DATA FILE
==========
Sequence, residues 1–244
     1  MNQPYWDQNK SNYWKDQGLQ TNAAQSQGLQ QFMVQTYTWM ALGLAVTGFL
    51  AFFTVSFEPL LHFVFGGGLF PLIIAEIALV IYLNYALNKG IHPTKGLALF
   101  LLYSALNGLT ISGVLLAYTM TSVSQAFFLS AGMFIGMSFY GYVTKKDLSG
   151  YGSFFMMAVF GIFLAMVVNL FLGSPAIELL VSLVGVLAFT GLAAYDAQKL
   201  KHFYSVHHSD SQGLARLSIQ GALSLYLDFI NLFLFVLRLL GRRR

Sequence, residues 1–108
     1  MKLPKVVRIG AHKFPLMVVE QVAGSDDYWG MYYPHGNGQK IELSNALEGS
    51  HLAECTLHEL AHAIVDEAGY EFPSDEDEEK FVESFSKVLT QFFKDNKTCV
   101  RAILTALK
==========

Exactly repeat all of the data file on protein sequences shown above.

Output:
Sequence, residues 1–244
     1  MNQPYWDQNK SNYWKDQGLQ TNAAQSQGLQ QFMVQTYTWM ALGLAVTGFL
    51  AFFTVSFEPL LHFVFGGGLF PLIIAEIALV IYLNYALNKG IHPTKGLALF
   101  LLYSALNGLT ISGVLLAYTM TSVSQAFFLS AGMFIGMSFY GYVTKKDLSG
   151  YGSFFMMAVF GIFLAMVVNL FLGSPAIELL VSLVGVLAFT GLAAYDAQKL
   201  KHFYSVHHSD SQGLARLSIQ GALSLYLDFI NLFLFVLRLL GRRR

Sequence, residues 1–108
     1  MKLPKVVRIG AHKFPLMVVE QVAGSDDYWG MYYPHGNGQK IELSNALEGS
    51  HLAECTLHEL AHAIVDEAGY EFPSDEDEEK FVESFSKVLT QFFKDNKTCV
   101  RAILTALK